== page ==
University of Tasmania
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Industrial democracy and employee participation in Australia

posted on 2023-05-26, 08:46 authored by Mahony, JT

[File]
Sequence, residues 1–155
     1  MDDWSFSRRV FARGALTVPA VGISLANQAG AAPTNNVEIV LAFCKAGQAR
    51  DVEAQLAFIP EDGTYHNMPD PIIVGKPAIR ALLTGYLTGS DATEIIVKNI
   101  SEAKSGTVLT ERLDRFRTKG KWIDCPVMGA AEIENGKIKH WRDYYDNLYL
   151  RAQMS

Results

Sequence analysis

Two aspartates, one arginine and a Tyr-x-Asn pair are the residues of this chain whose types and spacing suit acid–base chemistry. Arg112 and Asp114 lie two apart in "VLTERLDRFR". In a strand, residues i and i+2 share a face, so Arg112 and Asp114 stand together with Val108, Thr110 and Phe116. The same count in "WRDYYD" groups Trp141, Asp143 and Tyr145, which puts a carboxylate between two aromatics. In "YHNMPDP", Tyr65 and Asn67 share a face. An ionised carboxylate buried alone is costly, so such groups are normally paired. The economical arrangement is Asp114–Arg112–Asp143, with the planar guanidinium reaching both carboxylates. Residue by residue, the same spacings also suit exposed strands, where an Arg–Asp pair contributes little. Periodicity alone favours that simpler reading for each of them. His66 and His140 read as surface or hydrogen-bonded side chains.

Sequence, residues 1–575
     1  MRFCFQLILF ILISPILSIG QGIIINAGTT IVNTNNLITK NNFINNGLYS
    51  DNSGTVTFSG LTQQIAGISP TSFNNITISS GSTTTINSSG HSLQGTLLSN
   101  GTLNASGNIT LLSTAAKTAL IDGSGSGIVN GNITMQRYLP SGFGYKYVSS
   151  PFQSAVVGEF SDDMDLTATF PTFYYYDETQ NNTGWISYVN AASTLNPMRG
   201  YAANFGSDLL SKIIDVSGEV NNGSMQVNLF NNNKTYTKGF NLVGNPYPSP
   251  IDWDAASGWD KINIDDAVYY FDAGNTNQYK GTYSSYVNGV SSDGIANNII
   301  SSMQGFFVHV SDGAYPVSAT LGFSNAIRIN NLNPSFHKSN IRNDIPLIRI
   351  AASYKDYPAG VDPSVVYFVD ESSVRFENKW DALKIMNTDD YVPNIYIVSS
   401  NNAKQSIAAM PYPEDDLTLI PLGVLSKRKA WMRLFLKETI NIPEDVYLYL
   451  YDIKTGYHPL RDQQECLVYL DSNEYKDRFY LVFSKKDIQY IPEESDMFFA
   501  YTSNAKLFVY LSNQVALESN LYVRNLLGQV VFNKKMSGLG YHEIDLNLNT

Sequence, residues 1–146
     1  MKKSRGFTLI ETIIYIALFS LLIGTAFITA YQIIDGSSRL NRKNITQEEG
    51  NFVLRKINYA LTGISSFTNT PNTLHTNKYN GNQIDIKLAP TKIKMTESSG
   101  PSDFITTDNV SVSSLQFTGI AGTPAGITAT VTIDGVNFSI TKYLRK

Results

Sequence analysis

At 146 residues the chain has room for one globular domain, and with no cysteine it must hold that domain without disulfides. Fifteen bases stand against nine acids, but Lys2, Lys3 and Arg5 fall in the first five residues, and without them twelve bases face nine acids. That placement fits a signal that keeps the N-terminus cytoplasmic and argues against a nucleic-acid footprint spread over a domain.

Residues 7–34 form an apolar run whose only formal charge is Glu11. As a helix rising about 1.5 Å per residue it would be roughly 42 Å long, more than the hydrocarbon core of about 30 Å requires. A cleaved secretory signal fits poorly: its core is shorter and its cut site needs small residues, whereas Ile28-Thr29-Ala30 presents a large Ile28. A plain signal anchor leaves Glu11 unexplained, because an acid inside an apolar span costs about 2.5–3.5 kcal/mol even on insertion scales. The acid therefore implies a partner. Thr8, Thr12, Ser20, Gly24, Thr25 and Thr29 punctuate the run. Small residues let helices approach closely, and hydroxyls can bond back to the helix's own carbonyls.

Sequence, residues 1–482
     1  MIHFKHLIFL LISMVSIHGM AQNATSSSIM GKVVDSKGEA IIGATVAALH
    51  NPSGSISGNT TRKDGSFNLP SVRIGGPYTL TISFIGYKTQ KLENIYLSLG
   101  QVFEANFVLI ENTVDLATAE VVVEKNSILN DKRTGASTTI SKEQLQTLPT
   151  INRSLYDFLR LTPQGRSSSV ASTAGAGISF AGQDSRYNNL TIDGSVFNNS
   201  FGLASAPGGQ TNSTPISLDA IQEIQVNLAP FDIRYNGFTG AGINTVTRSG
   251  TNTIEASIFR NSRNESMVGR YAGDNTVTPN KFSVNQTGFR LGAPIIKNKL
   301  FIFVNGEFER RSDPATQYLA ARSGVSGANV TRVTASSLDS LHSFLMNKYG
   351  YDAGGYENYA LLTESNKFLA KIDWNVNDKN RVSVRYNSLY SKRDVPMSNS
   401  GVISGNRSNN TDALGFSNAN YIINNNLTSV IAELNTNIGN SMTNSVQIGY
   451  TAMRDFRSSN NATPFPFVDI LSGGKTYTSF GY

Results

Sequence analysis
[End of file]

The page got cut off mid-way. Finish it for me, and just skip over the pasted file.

This paper on industrial democracy and employee participation aims at reaching a conclusion on the likely future of these concepts in this country over say, the next decade. An integral part of this aim will be some observations on what might be the most appropriate form(s) which will serve the wide-ranging interests of the protagonists and what strategy options might be available to encourage and facilitate an expansion of participative practices. The approach adopted relies on a search of the extant literature including research findings and reviews, theoretical analyses, documented experiences and comments and observations by a wide range of writers on the subject. From these sources a background of historical and current expectations, attitudes and activities is built up to provide the basis for the conclusions which this paper aims to make. Worker alienation in industry has been debated since Karl Marx wrote of the plight of workers under industrial capitalism. Alienation exists and can be identified when 'workers are unable to control their immediate work processes, to develop a sense of'purpose and function which connects their job to the overall organisation of production, to belong to integrated industrial communities and when they.fai1 to become involved in the activity of work as a mode of personal self-expression'.Alienation is characterised by powerlessness, meaninglessness, isolation and selfestrangement. The concept of alienation is still of importance throughout the world today and seems to be reduced significantly by the introduction of participative practices directly involving the worker. There is an impressive array of research findings which show consistently that satisfaction in work is enhanced by a genuine increase in workers' decision-making power. Since the days of the industrial revolution few ideas have persisted and been pursued from a multitude of directions as some form of democracy in the arena of industrial labour. Clearly, the concept is one of long standing and there are a number of compelling reasons why it should be addressed by contemporary society. In general, the case for industrial democracy and worker participation rests on a number of arguments which may be classified as the political, moral and economic arguments. The political argument relates to the need to extend democracy from the political to the industrial arena and this can be achieved by allowing workers to have a greater say in decision making at work. The moral argument is about the need to provide for the personal development and satisfaction of individual worker. The several tenets of democracy, viz., freedom of expression, access to information, participation and equality, must be the prerogative of everyone if we are to have a truly democratic society. These principles must extend into every facet of life, not least of all, the workplace. Efforts to improve the quality of worklife must be regarded as a social issue because it impacts on the lives of such a large proportion of the population. The moral argument is of such fundamental importance and has such far reaching implications for society that the case for industrial democracy and participation conceivably could be justified on this ground alone. Finally, the economic argument relates to the belief that participation will improve productivity and industrial relations. One of the prime reasons advanced is that participation fosters a more cooperative attitude between workers and management which raises productivity by reducing industrial stoppages. It can be argued that this concept of using participation to improve productivity looks upon the worker as a special kind of factor of production and whose special characteristics must be taken into account if effectiveness is to be maximised. This contrasts with the view that democracy is a right of the worker. The continuing debate suggests that there are some basic human problems of industrial organisation for which various concepts of industrial democracy and participation are seen as possible solutions. In essence, the debate indicates that the fundamental concerns relate to the sharing of power between workers and management; effective co-operation between all members of an enterprise in the interests of efficiency and effectiveness and/or industrial harmony; and the personal fulfillment of the members of the enterprise. There is adequate justification for the debate to be continued and intensified in this country. Certainly, in recent years there has been renewed interest in the subject brought about largely by the need for improved competitiveness and efficiency and by the demands of a better educated and organised workforce for greater involvement in those aspects which impact upon their worklife. The relevance of this paper is thus will established. The subject is approached by firstly examining in Chapter 2 definitions, forms and levels of implementation of participation. Understanding the concepts involved is of greater importance than lengthy definitional debates but clarification of the meanings of the terms 'industrial democracy' and 'employee participation' does facilitate further discussion. Along with these considerations the chapter also examines the primary forms of participation and whether there is any relationship between the form of participation practised and the level within the enterprise at which this occurs. Chapter 3 analyses three models of participation in use in development, implementation and effectiveness of such schemes and to ascertain what lessons these hold for the development of participatory schemes in Australia. Three European schemes have been selected, viz., joint consultation, co-determination and worker management, as they represent quite a broad spectrum of participatory processes. Contemporary Australian developments are examined in Chapter 4 to determine the form, content and thrust of the activities undertaken, the current state of progress including the attitudes of the principal parties and whether there has been any shift in direction and/or emphasis since the early 1970's.. Chapter 5 then provides information about specific Australian experiences with the European models of participation dealt with in Chapter 3 together with the effectiveness of these models in the Australian industrial environment. It seems that the way ahead in Australia will be predicated on the basis of factors such as the attitudes and actions of governments, employers and unions; the experiences of the last decade or so and the barriers to an expansion of democracy in the workplace. Chapter 6 examines these factors to determine the likely future of the democratisation of work and the strategy options available to encourage and facilitate an expansion of participatory practices.